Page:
The first week of January brought with it the launch of the long-awaited single financial guidance body (SFGB). Comprised of the three key public financial guidance players: Pension Wise, the Money Advice Service (MAS) and The Pensions Advisory Service (Tpas), the body aims to provide a more streamlined service to assist ‘effective financial decisions’.
Its chair is former chief executive of the Financial Services Authority (FSA), Hector Sants. Advisers will remember Sir Hector as presiding over the creation and implementation of the retail distribution review (RDR). And he was in office at the time of the 2008 financial crisis.
After leaving the FSA in 2012, Sants joined Barclays on a £3 million pay and bonus package, but left the following year citing ‘exhaustion and stress’. He later joined consultancy Oliver Wyman, which in 2016 earned £1.2 million performing a review for the FSA’s new incarnation, the Financial Conduct Authority (disclosed after New Model Adviser® filed a freedom of information request).
A newly formed organisation like the SFGB would have wanted to announce Sants’ appointment with some fanfare, and probably a well-timed press release. Unfortunately, the news leaked out well before it had time for that, when he was named as chair by the Cabinet Office’s online jobs board. Oops!
Before this, Sants sat as chair at StepChange, which the SFGB describes as the UK’s largest debt advice charity. Since the SFGB will now combine pensions and money guidance (not advice) with debt advice (which is also not advice), Sants was clearly seen as someone who could bridge the two worlds.
John Govett, former chief executive at Ixion Holdings, which specialises in workforce skills development and contract management, is the SFGB’s chief executive.
However, one key industry figure is conspicuously absent from the SFGB’s one-page website. Despite leading Tpas for the past five years, and overseeing the transition to the newly merged body, a new beginning at the SFGB is not on the cards for former chief executive Michelle Cracknell, she has confirmed to New Model Adviser®.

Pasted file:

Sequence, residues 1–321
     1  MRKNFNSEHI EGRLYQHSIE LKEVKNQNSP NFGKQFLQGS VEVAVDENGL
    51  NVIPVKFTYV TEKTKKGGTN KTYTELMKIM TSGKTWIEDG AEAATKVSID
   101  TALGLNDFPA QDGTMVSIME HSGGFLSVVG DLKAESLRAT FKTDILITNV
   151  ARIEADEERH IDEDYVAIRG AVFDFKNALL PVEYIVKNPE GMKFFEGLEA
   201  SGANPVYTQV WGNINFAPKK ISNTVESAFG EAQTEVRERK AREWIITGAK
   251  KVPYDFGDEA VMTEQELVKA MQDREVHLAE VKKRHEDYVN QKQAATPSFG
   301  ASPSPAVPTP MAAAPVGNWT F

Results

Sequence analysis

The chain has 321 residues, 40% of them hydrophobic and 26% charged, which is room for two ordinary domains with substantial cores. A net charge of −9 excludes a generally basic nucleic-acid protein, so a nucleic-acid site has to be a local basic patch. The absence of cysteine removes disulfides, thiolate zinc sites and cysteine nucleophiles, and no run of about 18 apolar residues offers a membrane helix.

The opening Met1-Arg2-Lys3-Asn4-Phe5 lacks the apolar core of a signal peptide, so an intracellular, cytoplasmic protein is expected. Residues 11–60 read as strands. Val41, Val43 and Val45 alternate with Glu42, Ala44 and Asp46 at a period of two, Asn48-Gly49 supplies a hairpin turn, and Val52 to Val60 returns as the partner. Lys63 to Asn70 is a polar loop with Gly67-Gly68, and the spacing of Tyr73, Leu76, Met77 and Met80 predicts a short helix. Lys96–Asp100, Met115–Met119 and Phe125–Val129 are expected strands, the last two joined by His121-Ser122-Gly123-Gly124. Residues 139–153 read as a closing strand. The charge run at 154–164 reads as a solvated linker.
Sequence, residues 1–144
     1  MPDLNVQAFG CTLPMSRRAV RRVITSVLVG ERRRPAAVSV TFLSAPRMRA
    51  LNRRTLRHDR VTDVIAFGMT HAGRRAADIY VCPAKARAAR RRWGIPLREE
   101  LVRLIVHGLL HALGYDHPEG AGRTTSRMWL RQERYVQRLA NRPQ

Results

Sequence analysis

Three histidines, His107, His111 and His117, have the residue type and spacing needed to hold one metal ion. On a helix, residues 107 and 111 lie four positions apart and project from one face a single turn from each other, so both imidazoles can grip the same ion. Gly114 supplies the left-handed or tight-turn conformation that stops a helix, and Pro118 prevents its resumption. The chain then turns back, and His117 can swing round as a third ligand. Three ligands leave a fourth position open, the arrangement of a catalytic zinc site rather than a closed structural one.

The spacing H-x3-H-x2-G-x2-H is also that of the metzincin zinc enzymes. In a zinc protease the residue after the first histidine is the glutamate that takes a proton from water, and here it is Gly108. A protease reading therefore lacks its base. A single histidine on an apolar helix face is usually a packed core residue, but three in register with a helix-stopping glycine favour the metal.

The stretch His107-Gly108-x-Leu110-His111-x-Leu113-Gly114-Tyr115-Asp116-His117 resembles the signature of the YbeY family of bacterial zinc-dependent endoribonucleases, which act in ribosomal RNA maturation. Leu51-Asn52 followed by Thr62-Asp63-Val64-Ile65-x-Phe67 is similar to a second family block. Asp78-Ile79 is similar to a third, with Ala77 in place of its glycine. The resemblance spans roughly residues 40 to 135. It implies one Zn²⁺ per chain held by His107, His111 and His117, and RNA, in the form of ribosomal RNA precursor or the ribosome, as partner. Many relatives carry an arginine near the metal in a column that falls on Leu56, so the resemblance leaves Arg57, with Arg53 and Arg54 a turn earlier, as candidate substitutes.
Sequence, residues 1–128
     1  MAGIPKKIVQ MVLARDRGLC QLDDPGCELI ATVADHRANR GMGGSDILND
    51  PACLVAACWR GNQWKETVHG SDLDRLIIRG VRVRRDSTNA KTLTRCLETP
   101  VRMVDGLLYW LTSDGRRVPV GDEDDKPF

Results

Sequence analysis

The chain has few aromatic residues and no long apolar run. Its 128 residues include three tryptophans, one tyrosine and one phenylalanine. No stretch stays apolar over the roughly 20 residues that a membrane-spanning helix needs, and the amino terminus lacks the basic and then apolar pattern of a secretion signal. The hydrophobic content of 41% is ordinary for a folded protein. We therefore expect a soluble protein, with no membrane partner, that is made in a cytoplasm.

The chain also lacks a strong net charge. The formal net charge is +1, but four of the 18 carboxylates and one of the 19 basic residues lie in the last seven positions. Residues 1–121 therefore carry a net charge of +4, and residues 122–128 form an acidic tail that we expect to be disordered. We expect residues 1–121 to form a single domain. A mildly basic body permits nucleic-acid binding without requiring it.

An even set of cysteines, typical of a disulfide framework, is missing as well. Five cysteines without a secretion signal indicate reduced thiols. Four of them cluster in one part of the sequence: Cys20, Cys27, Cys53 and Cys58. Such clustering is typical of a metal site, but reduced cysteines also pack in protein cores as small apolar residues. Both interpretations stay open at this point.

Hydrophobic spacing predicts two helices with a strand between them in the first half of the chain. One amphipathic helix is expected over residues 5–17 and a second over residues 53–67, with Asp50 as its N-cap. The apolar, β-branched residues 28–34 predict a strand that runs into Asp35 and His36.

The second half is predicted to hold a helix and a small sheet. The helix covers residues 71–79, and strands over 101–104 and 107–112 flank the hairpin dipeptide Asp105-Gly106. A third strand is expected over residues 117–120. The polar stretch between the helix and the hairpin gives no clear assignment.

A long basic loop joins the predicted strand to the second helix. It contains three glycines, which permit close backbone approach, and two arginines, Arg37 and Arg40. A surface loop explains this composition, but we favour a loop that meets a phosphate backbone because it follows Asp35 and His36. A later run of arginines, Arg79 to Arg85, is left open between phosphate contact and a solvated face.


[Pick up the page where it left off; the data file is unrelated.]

Cracknell had been tipped to take the chair or at least serve on its board. But it seems the well-respected and outspoken industry figure will not be part of the public guidance body’s future.
Although the majority of named staff come from the three guidance bodies, the SFGB cannot afford to rely on a purely ‘business as usual’ approach. The three bodies are currently still in operation with live websites, so when services switch to SFGB the transition needs to be smooth. But it will also need to publicise the benefits of having it all under one roof.
Let’s hope it goes down better than MAS’s disastrous ‘talk to MA’ marketing campaign, which came at a cost of £13 million.
The body aims to provide both ’pensions guidance’ and ‘debt advice’. The SFGB will provide pension guidance on matters relating to workplace and personal pensions, money guidance on day-to-day money management, and will provide people with ‘information and advice’ on debt.
In July 2017 former pensions minister Ros Altmann unsuccessfully tabled an amendment that would change the description from ‘debt advice’ to ‘debt counselling’, arguing the service bears little resemblance to what a client would get from regulated financial advice.
The SFGB has also been handed responsibility for launching the first pensions dashboard later this year. It will operate on a non-commercial basis before being made available by individual providers. It will be interesting to see whether this newly formed body can make the dashboard project a success.